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Australia Tests Future AS9 Huntsman Self-Propelled Howitzer

The Australian Army has conducted a live-fire test of the AS9 Huntsman self-propelled howitzer in South Korea.

The trial served as preparation for the army’s future AS9 units based on the South Korean K9 Thunder 155-millimeter howitzers that will be delivered by weapons developer Hanwha Defense Australia.

The AS9 is part of Australia’s Land 8116 initiative, which seeks new protected mobile fire systems by combining locally-made 155-millimeter shells with cannons procured from partner countries.

Once deployed, the AS9s will complement the government’s existing M777 towed artillery and associated systems.

K9 Thunder howitzer
K9 Thunder howitzer. Image: Hanwha Defense

‘Compatible’ Weapon System

During the test, the Australian Army evaluated the AS9’s performance and safety by firing three rounds of artillery from the platform.

“While we know in isolation the K9’s cannon is safe, and in isolation the ammunition is safe, this testing makes sure they are compatible,” Land 8116 Project Team’s Maj. Brendan Kelleher stated.

Further trials will be carried out to collect ballistics data for operating the AS9 using the army’s Advanced Field Artillery Tactical Data Systems.

Other demonstrations will focus on the AS9’s protection from small arms fire and shrapnel.

Sustaining Soldier Protection, Survivability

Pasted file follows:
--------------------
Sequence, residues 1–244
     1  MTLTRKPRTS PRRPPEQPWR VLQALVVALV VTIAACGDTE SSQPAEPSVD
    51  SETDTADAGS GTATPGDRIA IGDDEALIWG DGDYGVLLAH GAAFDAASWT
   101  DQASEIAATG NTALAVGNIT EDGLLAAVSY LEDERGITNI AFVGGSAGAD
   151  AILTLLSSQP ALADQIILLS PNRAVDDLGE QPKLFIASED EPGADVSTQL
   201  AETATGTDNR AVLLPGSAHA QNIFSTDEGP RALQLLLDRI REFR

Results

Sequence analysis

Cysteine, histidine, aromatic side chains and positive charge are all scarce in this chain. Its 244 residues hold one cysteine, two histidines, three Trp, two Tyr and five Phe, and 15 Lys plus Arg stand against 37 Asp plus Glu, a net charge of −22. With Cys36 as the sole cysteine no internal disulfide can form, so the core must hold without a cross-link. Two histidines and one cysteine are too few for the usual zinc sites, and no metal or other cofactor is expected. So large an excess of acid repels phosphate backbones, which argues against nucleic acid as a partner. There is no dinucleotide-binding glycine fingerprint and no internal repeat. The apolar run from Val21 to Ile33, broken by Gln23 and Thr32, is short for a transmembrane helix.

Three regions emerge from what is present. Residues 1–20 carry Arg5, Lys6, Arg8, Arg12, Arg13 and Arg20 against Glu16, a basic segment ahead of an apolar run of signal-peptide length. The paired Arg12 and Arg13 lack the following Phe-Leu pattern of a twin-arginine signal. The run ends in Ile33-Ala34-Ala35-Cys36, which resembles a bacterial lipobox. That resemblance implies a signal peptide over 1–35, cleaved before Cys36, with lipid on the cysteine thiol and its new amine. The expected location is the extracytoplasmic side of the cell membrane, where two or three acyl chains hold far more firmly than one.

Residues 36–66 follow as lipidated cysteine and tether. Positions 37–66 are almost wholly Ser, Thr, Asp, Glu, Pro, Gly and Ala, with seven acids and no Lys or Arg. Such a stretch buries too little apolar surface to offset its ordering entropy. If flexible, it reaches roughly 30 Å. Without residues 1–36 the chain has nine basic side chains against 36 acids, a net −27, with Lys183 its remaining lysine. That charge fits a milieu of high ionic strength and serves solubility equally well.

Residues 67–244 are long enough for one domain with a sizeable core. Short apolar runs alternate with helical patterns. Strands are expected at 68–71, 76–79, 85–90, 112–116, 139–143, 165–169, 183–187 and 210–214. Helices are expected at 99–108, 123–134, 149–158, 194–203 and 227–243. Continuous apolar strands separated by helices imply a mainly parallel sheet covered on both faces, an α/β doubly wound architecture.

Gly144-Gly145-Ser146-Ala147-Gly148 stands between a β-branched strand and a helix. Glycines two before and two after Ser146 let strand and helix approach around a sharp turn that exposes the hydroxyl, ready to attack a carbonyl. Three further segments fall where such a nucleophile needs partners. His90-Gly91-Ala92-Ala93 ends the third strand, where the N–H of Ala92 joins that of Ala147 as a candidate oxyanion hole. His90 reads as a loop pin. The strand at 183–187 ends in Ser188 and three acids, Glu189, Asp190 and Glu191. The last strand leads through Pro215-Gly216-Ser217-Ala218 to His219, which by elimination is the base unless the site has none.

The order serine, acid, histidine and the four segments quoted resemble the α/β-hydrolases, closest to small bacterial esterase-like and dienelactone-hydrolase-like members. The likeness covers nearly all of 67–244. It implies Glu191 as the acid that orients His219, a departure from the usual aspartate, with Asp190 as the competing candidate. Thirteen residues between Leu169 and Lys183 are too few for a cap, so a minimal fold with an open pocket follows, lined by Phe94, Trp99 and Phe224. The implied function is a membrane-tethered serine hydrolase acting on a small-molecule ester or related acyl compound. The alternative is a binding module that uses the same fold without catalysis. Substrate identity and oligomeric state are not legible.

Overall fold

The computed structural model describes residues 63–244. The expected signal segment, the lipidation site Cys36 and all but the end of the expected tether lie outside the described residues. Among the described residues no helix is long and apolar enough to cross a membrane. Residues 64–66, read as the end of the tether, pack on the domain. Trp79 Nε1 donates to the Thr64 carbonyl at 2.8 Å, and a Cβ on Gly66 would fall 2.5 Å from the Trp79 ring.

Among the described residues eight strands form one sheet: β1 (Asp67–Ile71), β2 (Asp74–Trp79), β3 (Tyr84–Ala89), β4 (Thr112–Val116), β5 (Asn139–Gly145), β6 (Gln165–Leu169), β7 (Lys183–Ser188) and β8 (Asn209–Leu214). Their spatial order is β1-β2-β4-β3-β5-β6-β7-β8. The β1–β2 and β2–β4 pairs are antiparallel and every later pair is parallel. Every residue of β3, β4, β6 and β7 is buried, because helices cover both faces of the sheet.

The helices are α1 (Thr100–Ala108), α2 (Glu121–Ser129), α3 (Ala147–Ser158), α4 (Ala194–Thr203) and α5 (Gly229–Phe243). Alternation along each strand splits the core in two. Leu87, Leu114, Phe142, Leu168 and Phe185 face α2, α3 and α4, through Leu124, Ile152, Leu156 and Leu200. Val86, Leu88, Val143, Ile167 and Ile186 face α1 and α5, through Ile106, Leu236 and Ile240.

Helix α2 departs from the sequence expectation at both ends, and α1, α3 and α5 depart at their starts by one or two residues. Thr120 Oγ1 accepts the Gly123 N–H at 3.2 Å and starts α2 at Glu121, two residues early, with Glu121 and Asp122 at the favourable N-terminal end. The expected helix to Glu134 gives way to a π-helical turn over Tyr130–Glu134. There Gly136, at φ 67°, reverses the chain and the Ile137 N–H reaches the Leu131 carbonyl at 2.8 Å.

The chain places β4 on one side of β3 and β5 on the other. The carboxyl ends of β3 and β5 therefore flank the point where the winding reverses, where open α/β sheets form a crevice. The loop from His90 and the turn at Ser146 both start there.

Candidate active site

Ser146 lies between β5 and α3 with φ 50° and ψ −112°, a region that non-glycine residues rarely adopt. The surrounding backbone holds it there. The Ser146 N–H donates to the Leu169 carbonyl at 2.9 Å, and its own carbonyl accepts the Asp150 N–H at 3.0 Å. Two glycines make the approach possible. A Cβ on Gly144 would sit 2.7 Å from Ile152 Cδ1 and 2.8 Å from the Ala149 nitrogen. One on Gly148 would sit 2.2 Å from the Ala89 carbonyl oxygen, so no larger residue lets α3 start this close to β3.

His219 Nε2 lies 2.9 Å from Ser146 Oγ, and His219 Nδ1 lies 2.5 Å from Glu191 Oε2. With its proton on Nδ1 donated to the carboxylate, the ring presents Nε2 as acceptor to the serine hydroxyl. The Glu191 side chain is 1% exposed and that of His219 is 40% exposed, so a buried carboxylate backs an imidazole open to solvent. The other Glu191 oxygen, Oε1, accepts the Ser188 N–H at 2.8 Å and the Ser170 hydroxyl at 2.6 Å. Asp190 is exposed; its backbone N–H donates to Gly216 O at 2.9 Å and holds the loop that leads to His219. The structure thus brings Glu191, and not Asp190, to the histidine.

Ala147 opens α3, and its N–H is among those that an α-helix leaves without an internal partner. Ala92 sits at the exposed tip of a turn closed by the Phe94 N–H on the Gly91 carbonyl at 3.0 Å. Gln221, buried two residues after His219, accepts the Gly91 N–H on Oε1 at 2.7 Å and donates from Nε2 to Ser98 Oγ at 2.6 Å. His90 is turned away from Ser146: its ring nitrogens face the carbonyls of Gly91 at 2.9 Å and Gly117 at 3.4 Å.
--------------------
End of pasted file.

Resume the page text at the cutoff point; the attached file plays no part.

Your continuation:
Meanwhile, a parallel AS9 trial from Israel showed that the AS9 could also withstand landmines through a simulated charge explosion. Results from the test will be used to ensure required troop protection and survivability.

“The feedback we’re getting from other users is they are impressed by the maturity and ease of use of the platform,” Kelleher said.

“It is a big increase in range and lethality from the in-service towed howitzer, made possible by the longer cannon and higher rates of fire.”

Expanding Australian Artilleries

The AS9 order was signed in December 2021 by previous Australian Prime Minister Scott Morrison and South Korean President Moon Jae-in and is valued at 1 billion Australian dollars ($669 million).

Hanwha is performing the work for the contract in Greater Geelong, Victoria, while partner firm Elphinstone is manufacturing AS9 hulls and turrets in Burnie, Tasmania.

After the production, the company will deliver the first two AS9s and the corresponding AS10 armored ammunition resupply vehicle by the end of 2025.

Development of the remaining 42 vehicles will commence in late 2024.

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